Director – Enrico Casarorsa, Screenplay – Jesse Andrews & Mike Jones, Story – Jesse Andrews, Enrico Casarosa & Simon Stephenson, Producer – Andrea Warren, Photography – David Juan Bianchi & Kim White, Music – Dan Romer, Animation Supervisor – Michael Venturini, Visual Effects Supervisor – David Ryu, Production Design – Daniela Strijleva. Production Company – Pixar Animation Studios.
Jacob Tremblay (Luca Paguro), Jack Dylan Grazer (Alberto Scorfano), Emma Berman (Giulia Marcovaldo), Saverio Raimondo (Ercole Visconti), Maya Rudolph (Daniela Paguro), Marco Barricelli (Massimo Marcovaldo), Jim Gaffigan (Lorenzo Paguro), Sandy Martin (Grandma Paguro), Peter Sohn (Cicchio), Marina Massironi (Signora Marsigliese), Sacha Baron Cohen (Uncle Ugo)
Luca Paguro grows up with a family of merpeople living on the seashore off the Italian coast. Luca’s curiosity is piqued after finding human objects that have fallen to the sea floor but he lives in fear of the land monsters that dwell on the surface. One day, Luca meets Alberto Scorfano who startles him by walking up out of the water onto the land. Luca follows and is amazed to transform from merman form into human. Alberto shows him how to walk and the two amuse themselves in the tower where Alberto lives. They become obsessed with wanting a Vespa and build a makeshift one and get into hijinks with it. Luca’s parents then discover that he has been spending time on the surface and make plans to send him to stay with his Uncle Ugo in the deep. Luca flees back to Albert on the surface. They go into the nearby town of Portorosso. There they meet Giulia Marcovaldo and decide to join her plans to enter a local race to earn the prize money to buy a real Vespa. This means Luca learning to cycle for his leg of the journey, at the same time as avoiding the bullying Ercole Visconti who is determined to win and has drummed up fear against the sea monsters. At the same time, Luca’s parents have come onto land and are determined to find him, while Luca’s attraction to Giulia threatens to split apart his friendship with Alberto.
Rising seemingly from nowhere, Pixar appeared on the animation scene with Toy Story (1995), created the first computer animated film and in a short space of time become the top animation studio in the world. Over the next fifteen years, Pixar went on to make a string of universally loved hits with the likes of A Bug’s Life (1998), Monsters, Inc. (2001), Finding Nemo (2003), The Incredibles (2004), Cars (2006), Ratatouille (2007), Wall-E (2008) and Up (2009).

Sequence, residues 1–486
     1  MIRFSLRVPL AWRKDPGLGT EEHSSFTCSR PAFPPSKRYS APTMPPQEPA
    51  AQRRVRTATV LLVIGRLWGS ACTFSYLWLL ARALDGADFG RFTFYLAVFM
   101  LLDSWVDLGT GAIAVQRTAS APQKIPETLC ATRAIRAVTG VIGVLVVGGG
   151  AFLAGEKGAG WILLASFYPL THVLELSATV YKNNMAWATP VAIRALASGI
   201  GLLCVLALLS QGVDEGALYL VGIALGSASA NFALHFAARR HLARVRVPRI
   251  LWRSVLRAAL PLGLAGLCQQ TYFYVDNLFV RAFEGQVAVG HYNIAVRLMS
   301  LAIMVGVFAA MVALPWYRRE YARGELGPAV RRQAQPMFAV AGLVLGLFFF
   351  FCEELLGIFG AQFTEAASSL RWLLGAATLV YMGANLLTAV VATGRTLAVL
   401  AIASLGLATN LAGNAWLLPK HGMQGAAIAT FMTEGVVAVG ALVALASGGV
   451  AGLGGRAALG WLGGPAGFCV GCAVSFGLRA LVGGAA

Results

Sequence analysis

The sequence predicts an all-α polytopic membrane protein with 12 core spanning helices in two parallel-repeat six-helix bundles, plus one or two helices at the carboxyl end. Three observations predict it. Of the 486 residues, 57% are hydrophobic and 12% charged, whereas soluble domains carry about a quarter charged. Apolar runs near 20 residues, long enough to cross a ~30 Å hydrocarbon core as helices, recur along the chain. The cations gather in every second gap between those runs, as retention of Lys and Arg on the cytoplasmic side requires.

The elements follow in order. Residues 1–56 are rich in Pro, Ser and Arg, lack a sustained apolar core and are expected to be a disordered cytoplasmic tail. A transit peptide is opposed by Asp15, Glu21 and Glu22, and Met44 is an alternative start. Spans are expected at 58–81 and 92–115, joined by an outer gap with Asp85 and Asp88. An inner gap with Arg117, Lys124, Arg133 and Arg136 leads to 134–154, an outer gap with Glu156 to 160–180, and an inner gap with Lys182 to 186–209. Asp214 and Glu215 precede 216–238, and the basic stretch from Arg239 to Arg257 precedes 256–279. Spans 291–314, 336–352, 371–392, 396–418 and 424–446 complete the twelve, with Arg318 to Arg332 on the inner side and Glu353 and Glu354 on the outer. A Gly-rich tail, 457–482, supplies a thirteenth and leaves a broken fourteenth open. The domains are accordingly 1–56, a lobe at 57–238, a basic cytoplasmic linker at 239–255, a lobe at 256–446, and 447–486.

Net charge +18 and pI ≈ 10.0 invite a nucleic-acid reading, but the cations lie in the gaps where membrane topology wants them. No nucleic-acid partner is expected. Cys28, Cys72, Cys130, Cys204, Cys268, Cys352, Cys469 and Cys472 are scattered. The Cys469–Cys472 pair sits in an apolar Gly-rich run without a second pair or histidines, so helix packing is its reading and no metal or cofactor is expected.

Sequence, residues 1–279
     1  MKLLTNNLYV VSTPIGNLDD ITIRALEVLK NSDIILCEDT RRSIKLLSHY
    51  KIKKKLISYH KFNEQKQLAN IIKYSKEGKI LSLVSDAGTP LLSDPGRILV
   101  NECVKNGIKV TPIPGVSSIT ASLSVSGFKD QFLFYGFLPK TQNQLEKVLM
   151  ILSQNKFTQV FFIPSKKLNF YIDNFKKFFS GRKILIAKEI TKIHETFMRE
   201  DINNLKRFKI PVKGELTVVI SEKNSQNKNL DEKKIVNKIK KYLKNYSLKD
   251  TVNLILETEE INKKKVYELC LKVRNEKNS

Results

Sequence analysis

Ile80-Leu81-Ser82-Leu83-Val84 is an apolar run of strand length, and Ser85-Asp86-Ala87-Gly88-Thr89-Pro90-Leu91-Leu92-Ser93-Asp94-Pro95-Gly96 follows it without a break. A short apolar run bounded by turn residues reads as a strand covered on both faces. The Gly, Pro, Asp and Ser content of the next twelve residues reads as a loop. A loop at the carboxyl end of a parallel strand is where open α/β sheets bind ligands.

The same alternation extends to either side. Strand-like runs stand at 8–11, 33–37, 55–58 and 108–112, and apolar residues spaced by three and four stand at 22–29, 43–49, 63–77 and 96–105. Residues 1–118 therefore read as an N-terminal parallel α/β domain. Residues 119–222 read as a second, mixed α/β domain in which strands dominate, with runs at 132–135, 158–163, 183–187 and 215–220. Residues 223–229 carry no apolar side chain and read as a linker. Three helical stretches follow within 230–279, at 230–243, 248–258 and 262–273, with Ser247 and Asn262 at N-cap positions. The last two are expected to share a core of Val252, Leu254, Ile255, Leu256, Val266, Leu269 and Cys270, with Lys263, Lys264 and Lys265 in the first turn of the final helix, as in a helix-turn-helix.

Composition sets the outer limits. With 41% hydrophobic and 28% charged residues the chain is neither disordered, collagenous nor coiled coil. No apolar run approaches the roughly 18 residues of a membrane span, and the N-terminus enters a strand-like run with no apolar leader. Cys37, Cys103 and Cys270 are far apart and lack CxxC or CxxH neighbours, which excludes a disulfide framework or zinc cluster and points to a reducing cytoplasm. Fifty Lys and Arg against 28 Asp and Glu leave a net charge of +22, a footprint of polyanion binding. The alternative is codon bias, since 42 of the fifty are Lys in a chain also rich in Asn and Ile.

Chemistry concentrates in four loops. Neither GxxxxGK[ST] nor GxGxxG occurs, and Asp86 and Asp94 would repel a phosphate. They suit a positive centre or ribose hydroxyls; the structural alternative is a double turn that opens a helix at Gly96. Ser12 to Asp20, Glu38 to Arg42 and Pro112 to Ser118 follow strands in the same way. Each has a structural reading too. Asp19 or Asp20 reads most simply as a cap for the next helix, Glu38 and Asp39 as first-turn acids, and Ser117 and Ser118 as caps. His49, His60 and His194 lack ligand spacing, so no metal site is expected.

Pixar in the 2010s has been a much more mixed bag. This is the period when the studio’s output has been overtaken by sequels to earlier works, which have for the most part been lesser. Original works have appeared – Brave (2012), The Good Dinosaur (2015), Inside Out (2015), Coco (2017), Onward (2020) and Soul (2020) – but most of these have been okay works that have failed to hold the depth of charm and emotion that the Pixar entries of the 1990s and 2000s did. Luca is another of these entries. Like most of Pixar’s output of the 2010s, it sits on the B-rung alongside also-rans like A Bug’s Life, The Good Dinosaur, Coco and Onward – and not up among the Toy Story’s, the Finding Nemo’s, the Monsters, Inc.’s.
Luca reminds of one of the films that Disney was making during the 1990s/early 2000s where they made a determined effort to feature a different culture with each film – Pocahontas (1995) with its focus on Native American history, Mulan (1998) and its historical Chinese setting, the Hawaiian-set Lilo & Stitch (2002), the Inuit culture of Brother Bear (2003), the Louisiana Creole culture of The Princess and the Frog (2009) and Pacific Island culture in Moana (2016). In this case, it feels like Enrico Casarorsa, an Italian native who has worked as a Pixar storyboard artist since the mid-2000s before making his directorial debut here, has tried to do similar with his Italian background. As with many of these films, the culture in question is stripped down to a few cliches – Vespas, pasta-eating, soccer, small fishing villages, all of the men outfitted with mustaches.
Luca is a likeable film. I kept mentally contemplating some kind of madcap mashup between it and Aquaman (2018) given that the copyright of both reside under the Disney roof at the moment. There is fun in tFilms About Merpeople – of Luca guiding shoals of fish like sheep, encountering sunken objects and then fleeing in fear of the land monsters as a boat comes overhead.
The scenes encountering Arturo and emerging onto land have a sense of fun, especially when it comes to the scenes with Luca trying to learn to walk and them riding their makeshift Vespa down a hillside ramp. There is a good deal of good-natured and naturalistic fun to these sequences, although this gets forgotten as the main plot takes over.
Once the film moves into the town, it deals in big easy plot arcs – the two friends separated over a girl – the wayward Arturo wanting to have fun, Luca being drawn to Giulia’s passion for learning (which is being read as a gay allegory despite Pixar’s denials that was intended as such); an easy black hat villain; a big All-or-Nothing race on which the two friend’s hopes lie; the townspeople’s prejudices about the sea monsters; Luca’s parents come to hunt him down. The script does a worthwhile job of keeping all these plates spinning in the air at once and bringing them together in a modest emotional uplift at the end. It feels predictable when you look back at it but the journey there is not unengaging.